For many years, advertisers thought that using sex or violent themes could influence consumer purchasing. Well, guess what? It ain’t necessarily so!
A new study by the American Psychological Association (APA) says that violent and sexual media content may impair advertising’s effectiveness and ultimately deter purchasing. (Well, there goes the marketing neighborhood.)
We found almost no evidence that violent and sexual programs and ads increased advertising effectiveness,” said Brad J. Bushman, PhD, professor of communication and psychology at The Ohio State University, and a co-author on the study, which appeared in the journal Psychological Bulletin®. “In general, we found violent and sexual programs, and ads with violent or sexual content decreased advertising.”
Armed with solid research, effective planning, and wise execution, today’s organizations and independent professionals can find success competing in the rapidly developing global marketplace. What follows are three tips that many professionals and organizations rely upon to expand their reach internationally.
1. Learn What Fits and Where
Before one can evaluate the merits of expanding into global markets, individuals or organizations must first establish that what they have to offer is actually a good fit for the global marketplace in the context of cultural and economic factors. Manufacturers of luxury goods may, for example, encounter stiff sales resistance for their products in regions of the world where the culture frowns upon using wealth to differentiate or isolate themselves from other classes. Continue reading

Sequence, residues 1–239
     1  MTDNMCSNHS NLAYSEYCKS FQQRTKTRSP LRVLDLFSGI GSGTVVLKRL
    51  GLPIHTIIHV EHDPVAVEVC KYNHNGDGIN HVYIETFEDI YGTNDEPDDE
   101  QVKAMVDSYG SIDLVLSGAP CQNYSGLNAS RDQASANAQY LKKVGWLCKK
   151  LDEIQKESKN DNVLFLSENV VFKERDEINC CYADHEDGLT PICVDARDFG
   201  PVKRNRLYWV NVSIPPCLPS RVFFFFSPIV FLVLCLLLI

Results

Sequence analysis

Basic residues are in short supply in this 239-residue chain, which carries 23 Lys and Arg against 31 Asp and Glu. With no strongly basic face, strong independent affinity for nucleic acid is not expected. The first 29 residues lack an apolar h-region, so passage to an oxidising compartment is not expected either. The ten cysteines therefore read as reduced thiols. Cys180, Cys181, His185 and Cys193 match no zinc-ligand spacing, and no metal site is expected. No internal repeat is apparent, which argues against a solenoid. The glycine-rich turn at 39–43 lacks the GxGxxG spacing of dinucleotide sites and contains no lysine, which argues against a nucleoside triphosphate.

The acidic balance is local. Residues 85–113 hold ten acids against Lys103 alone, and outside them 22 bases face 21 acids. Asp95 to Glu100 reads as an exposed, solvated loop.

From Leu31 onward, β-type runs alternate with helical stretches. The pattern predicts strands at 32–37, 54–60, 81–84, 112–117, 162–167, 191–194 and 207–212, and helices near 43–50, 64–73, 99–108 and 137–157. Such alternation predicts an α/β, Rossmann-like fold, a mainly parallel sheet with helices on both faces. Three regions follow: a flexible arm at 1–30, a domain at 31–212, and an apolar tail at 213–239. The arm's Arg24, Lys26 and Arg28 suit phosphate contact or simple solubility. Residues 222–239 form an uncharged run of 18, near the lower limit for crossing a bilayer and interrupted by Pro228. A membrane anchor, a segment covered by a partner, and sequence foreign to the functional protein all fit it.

I’ll bet your small business or nonprofit organization spends considerable time on its Facebook page and Twitter account trying to engage new people. After all, aren’t these two social media sites the most effective in reaching prospects, customers, and donors?
Not anymore says a recent Forrester study. “It’s clear that Facebook and Twitter don’t offer the relationships that marketing leaders crave. Yet most brands still use these sites as the centerpiece of their social efforts — thereby wasting significant financial, technological, and human resources on social networks that don’t deliver value,” says Nate Elliott of Forrester.
Now get this… “In the next 18 months… Facebook will become nothing but a repository for display ads,” Elliott predicts. Holy!!